"The reason people want a public forum is so that nothing happens. That's the bottom line here [for] the interest groups on the hard right and the hard left," Mr. Gregg said. "These interest groups have no interest in the national agenda of fiscal responsibility."
Mr. Gregg's group had more than seven months to do its work. The supercommittee will have three months to send a report to the full Congress if it is to meet a Thanksgiving deadline.
Mr. Gregg said that compressed time frame means that hearings might have to be abbreviated so committee members can work on a package. He said the process will have to be open when the committee's proposal goes to the floors of both chambers of Congress.
Members of the committee have suggested that they will have a mix of open and closed meetings.
"I've already had a number of conversations with Democrats and Republicans who are on the committee, and I think that's expected, and I think that's healthy for us to have conversations among ourselves," said Sen. Rob Portman, Ohio Republican, as quoted by the Cleveland Plain Dealer newspaper. "There will be individual conversations. I'm sure there will be groups of senators and groups of members of the House who will be speaking periodically. So I think there needs to be a good balance here where people have input, people feel like it's a transparent process, but we also are able to have a candid exchange with colleagues."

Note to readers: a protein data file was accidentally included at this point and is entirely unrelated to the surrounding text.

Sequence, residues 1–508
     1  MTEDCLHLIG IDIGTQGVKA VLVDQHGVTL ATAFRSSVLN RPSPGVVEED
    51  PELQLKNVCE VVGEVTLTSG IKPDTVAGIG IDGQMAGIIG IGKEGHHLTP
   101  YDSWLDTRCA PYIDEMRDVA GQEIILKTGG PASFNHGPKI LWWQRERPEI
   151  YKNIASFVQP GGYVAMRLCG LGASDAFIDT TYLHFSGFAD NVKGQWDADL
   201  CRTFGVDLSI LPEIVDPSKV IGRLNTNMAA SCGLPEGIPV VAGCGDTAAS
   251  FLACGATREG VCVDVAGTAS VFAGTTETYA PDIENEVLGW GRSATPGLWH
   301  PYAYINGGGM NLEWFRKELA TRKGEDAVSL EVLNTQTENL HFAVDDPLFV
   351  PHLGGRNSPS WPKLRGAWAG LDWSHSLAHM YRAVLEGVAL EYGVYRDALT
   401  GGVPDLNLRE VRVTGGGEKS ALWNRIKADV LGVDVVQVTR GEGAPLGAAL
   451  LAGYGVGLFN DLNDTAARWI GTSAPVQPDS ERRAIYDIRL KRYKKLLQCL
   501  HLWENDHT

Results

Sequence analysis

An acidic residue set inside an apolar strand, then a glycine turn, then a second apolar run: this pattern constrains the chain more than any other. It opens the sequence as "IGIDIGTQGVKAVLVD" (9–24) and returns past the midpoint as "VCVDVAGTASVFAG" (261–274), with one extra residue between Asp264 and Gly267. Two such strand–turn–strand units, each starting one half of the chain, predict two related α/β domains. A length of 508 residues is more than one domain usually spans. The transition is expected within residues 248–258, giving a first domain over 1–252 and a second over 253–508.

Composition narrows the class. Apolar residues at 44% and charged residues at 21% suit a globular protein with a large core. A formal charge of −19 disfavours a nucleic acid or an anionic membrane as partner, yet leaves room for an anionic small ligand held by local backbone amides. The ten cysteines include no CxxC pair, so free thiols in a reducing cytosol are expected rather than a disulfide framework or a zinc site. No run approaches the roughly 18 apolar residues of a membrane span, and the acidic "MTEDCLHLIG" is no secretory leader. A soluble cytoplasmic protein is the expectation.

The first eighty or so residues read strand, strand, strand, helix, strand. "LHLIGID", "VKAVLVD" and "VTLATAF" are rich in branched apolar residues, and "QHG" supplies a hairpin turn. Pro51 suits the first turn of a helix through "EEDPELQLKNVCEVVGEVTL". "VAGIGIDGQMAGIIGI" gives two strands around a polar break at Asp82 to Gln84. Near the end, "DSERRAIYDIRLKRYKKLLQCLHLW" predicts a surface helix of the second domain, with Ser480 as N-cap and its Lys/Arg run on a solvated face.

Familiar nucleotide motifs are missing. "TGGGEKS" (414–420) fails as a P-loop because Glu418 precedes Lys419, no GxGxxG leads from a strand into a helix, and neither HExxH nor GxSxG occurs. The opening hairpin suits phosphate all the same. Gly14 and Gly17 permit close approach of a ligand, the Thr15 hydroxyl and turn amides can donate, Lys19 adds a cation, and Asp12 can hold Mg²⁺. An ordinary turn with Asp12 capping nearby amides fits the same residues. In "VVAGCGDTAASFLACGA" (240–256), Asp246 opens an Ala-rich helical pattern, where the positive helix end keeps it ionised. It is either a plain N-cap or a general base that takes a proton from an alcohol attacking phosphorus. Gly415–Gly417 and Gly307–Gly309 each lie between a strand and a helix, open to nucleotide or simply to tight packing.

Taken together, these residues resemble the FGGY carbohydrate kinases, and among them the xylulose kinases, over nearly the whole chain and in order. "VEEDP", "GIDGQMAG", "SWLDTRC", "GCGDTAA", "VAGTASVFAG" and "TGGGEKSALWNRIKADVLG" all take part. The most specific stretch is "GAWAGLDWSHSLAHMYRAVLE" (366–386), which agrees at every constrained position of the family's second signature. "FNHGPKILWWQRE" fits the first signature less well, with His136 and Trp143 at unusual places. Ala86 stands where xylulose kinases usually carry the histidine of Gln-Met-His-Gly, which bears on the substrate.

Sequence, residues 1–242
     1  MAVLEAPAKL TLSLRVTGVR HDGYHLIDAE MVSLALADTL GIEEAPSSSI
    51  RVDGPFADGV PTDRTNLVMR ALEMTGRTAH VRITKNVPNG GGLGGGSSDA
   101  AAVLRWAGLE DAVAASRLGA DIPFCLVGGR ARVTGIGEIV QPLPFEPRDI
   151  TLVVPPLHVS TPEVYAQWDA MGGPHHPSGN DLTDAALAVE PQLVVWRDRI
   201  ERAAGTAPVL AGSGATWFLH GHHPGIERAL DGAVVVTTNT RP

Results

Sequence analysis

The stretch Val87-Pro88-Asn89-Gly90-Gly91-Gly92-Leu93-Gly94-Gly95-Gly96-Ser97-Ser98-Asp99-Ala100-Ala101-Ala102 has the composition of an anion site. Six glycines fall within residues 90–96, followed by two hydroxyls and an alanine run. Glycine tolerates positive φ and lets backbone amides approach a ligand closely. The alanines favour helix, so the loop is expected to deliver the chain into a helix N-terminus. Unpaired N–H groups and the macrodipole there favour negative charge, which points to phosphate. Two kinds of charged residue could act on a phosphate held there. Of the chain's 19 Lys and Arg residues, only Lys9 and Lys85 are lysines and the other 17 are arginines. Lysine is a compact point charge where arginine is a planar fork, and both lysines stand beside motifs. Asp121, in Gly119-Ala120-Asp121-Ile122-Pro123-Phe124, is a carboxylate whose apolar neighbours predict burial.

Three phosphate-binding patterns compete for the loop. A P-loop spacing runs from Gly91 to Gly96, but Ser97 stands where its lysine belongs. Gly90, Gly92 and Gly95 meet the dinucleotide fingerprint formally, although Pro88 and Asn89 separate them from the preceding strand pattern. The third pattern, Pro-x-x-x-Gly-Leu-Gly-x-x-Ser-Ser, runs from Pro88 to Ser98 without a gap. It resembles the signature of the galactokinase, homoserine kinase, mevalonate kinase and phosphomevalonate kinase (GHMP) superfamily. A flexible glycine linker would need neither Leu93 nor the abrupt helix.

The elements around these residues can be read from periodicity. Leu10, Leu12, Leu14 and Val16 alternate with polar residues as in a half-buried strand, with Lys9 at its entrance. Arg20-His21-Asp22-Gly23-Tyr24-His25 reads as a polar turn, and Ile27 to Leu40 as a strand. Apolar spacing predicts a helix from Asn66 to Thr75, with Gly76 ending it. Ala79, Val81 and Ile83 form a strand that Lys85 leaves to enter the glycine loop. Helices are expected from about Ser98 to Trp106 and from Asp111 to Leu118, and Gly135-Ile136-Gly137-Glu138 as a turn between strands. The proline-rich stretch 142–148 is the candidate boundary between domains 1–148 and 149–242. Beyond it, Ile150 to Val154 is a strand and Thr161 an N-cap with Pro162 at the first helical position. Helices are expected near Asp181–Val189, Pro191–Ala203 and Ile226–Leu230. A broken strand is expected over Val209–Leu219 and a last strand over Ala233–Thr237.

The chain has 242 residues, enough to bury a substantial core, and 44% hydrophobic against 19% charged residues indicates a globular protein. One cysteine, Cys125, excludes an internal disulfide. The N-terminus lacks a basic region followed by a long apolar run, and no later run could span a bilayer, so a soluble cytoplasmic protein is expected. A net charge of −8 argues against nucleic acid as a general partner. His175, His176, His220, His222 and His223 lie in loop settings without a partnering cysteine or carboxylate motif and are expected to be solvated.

A hybrid approach could bring its own problems. One staffer who worked on the commission said members often would avoid talking about key spending and tax issues in public meetings just so they didn't ruin backroom negotiations that were going on at the same time.
"There were only a few times that members were really honest," the staffer said of the public meetings and hearings.
Congress has moved steadily toward more openness, and most committee hearings and markups are now webcast.
Closed-door negotiations have a long and storied history, going back to the 1787 convention that drafted the Constitution. All of the proceedings that summer in Philadelphia were kept secret throughout, and most delegates took the obligations seriously — so much so that several refused to let their notes be published until after they died, decades later.
Elizabeth Theiss-Morse, chairwoman of the political science department at the University of Nebraska at Lincoln, has written a book, "Stealth Democracy," that says most voters don't want to see Congress in action.
"These Americans would much rather have Congress do its work behind closed doors so long as their representatives are not being bought by special interests and so long as the public has the opportunity to learn about decisions, the reasons for and against them, and why their representatives decided what they did," she said.
She said transparency is "often good, but not in this case," because lawmakers would have to spend so much time defending their ideas against attacks from interest groups.
"If the supercommittee had to air every idea in public, it would be a disaster," she said.
© Copyright 2014 The Washington Times, LLC. Click here for reprint permission.
About the Author
Stephen Dinan can be reached at email@example.com.